"The Face of the Enemy"
Release dates: 12/10/2008-1/12/2009
Written by Jane Espenson & Seamus Kevin Fahey
Directed by Wayne Rose
Review by Jamahl Epsicokhan
The three stars I award to "The Face of the Enemy" should come with an asterisk alongside it. Stars are awarded here on a relative scale, and should not be seen as necessarily "equivalent" to other three-star BSG outings (like, say, "Razor") in terms of gauging usefulness in the BSG universe. The three stars here are webisode stars on a webisode scale, and should perhaps be more directly compared to my previous webisode rating for "The Resistance" (two stars).
It's sort of an apples-and-oranges situation. Both webisode series more or less fall under the category of "bonus content." They are not required viewing, and must stand alone in such a way that missing them is not a big deal. It's an inescapable fact that they have a sort of filler-like feel. Both are/were viewable via low-quality Internet download (as compared to HD through a cable provider). It's hardly my ideal choice for watching a sci-fi drama series. If the future of video content is the Internet, the quality issues (by way of bandwidth issues) are going to have to be addressed. Until then, cable and satellite content providers it is.
There's also the annoying fact (because I watched all the webisodes in a single sitting) that I was forced 10 times to watch a trailer for Underworld: Rise of the Lycans. Two things I learned from this trailer: (1) The line "We can be slaves, or WE ... CAN BE ... LYCANS!" is this year's predictably overblown attempt at "THIS ... IS ... SPARTA!" (2) An Underworld movie minus Kate Beckinsale strikes me as about as pointless as an ice cream cone minus ice cream. (I saw about 40 minutes of the first Underworld and never felt the need to see the rest of it, even with Kate Beckinsale.)
Now, having been a churl and said all that, "Face of the Enemy" is a much better effort compared to "The Resistance," and as a promotional preseason tidbit that must operate under certain standalone constraints while being chopped into 10 mini-acts, it's pretty good. It has a much more solid and complex narrative than "The Resistance" and feels more legitimate. It's got relevance to its main character. It also finally answers that age-old question: Is Gaeta straight or gay? (Answer: Yes.)
The story takes place nine days after the discovery of Earth (and therefore after "Sometimes a Great Notion"), as Gaeta is ordered to take shore leave. He's in a Raptor with two Sharon copies and three other nameless crewmen, which should give you a hint about their fate. The Raptor becomes stranded when there's an emergency fleet-wide jump and the Raptor's FTL drive malfunctions. They don't have the coordinates to get back to the fleet and instead have to wait for an improbable rescue. There's a limited supply of air and thus a ticking clock. And then, during this wait, one by one, people in the Raptor start dying mysteriously, like in an Agatha Christie novel.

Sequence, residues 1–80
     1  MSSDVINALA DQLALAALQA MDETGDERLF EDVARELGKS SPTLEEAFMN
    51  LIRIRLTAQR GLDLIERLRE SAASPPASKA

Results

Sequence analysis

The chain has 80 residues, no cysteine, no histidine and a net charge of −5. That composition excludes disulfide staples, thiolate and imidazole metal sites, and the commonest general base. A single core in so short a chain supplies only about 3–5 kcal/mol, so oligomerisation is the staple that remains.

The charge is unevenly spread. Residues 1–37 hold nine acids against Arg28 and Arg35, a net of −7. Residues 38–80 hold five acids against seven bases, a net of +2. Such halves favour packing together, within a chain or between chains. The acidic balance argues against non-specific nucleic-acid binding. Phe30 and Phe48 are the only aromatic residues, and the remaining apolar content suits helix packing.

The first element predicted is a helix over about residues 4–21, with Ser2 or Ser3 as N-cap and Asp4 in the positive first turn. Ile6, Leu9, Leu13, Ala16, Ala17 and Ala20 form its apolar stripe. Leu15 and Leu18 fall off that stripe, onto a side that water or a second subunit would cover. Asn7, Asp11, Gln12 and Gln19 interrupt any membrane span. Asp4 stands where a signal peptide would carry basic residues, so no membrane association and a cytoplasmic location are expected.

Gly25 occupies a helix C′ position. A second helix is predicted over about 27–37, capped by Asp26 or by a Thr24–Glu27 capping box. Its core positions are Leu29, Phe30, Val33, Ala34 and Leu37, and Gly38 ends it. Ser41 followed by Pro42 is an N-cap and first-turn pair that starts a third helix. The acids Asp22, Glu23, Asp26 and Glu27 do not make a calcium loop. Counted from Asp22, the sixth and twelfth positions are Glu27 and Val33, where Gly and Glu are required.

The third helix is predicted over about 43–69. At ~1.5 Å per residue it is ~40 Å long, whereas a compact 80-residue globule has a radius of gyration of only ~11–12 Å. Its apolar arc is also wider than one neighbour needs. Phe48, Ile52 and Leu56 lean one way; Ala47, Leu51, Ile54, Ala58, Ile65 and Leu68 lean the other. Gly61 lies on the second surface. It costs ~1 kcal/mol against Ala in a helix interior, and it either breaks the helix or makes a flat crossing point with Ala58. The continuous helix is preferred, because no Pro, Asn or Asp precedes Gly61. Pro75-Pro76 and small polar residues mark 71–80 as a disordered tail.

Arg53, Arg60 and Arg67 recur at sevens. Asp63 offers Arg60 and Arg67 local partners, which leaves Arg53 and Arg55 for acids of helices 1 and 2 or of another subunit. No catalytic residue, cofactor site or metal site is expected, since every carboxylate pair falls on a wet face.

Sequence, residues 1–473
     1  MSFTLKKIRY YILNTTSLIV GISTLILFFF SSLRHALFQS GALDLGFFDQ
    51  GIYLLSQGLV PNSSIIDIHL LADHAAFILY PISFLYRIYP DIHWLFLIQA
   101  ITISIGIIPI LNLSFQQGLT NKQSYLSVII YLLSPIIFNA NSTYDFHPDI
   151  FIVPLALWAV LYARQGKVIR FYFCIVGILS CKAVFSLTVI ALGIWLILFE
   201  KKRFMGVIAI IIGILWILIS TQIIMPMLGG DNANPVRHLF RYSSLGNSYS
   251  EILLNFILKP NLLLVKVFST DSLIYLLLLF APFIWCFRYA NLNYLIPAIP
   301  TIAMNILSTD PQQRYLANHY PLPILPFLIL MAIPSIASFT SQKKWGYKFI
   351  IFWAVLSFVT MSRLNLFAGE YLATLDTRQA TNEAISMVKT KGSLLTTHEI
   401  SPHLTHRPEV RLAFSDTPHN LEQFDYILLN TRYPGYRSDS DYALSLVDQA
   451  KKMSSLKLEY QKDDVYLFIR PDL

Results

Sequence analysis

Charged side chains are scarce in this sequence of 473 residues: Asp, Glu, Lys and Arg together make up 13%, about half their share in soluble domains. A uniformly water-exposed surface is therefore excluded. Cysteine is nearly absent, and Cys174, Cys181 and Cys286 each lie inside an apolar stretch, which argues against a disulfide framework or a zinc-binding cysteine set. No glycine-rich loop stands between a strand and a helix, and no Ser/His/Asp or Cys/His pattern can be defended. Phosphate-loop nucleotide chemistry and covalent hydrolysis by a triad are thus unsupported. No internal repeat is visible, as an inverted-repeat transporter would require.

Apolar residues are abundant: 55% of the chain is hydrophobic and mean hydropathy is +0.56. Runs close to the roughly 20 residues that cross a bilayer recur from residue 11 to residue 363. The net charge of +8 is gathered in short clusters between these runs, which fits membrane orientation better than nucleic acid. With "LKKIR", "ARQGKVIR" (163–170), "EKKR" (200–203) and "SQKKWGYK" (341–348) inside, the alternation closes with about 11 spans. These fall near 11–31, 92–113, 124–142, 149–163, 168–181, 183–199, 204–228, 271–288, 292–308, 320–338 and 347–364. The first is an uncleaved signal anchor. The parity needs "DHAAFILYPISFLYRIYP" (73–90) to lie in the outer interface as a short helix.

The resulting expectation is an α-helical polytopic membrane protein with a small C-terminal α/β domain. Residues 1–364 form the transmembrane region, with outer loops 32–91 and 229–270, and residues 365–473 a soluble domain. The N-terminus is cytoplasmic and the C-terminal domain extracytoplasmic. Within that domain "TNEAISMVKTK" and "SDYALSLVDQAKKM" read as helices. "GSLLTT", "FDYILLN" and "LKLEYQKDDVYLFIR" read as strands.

That's really all there is to plot. It's a fairly simple disposable standalone. But what makes the webisodes work is its backstory and a reasonable amount of relevance to Gaeta's character, including the establishment of his drug abuse. We learn that one of the Sharons here was a double agent who helped Gaeta on New Caprica when he was feeding information to the resistance from behind enemy lines. He and the Sharon had a relationship during this time. When people start dying, he thinks he can trust her. Clearly, he's wrong.
The 10-act structure of "Face of the Enemy" is of course a distraction, but the overall story feels much less fragmented than "The Resistance." It does, however, necessitate some excessive filler; there's a subplot where Lt. Hoshi (Brad Dryborough), the guy Gaeta's in a relationship with, embarks with Racetrack on a desperate and low-odds-for-success mission to search for Gaeta's missing Raptor. There are too many needless cutbacks to the Racetrack/Hoshi Raptor that don't really add much to the storyline.
But what does work are the flashbacks to New Caprica and the revelation that Gaeta's Sharon copy was playing him all along in order to help the Cylons find the most important names among their list of prisoners. I especially appreciated that this throws into question Gaeta's own sense of culpability. He thought he was playing the role of hero during the resistance, but now he learns he may have been playing the equal role of patsy. Perhaps this informs Gaeta's opinion on Baltar; in a clever little moment that ties things together, we learn what Baltar whispered into Gaeta's ear in "Taking a Break from All Your Worries," prompting Gaeta to stab him with a pen.
For Gaeta, the whole experience serves to undermine his likelihood of trusting any Cylon on an individual basis; those who once seemed trustworthy may simply be hiding their own agenda. The ending indicates that Gaeta is not going to be okay with taking orders from Tigh, an outed Cylon, anytime soon. The webisodes also hint that Gaeta may be planning his own answer to the specter of Cylon deceit. It will be interesting to see if this plays into the upcoming episodes.
"The Face of the Enemy" makes for some very solid bonus material. It accomplishes what it sets out to do. The story is by definition straightjacketed, but the makers work admirably within their constraints.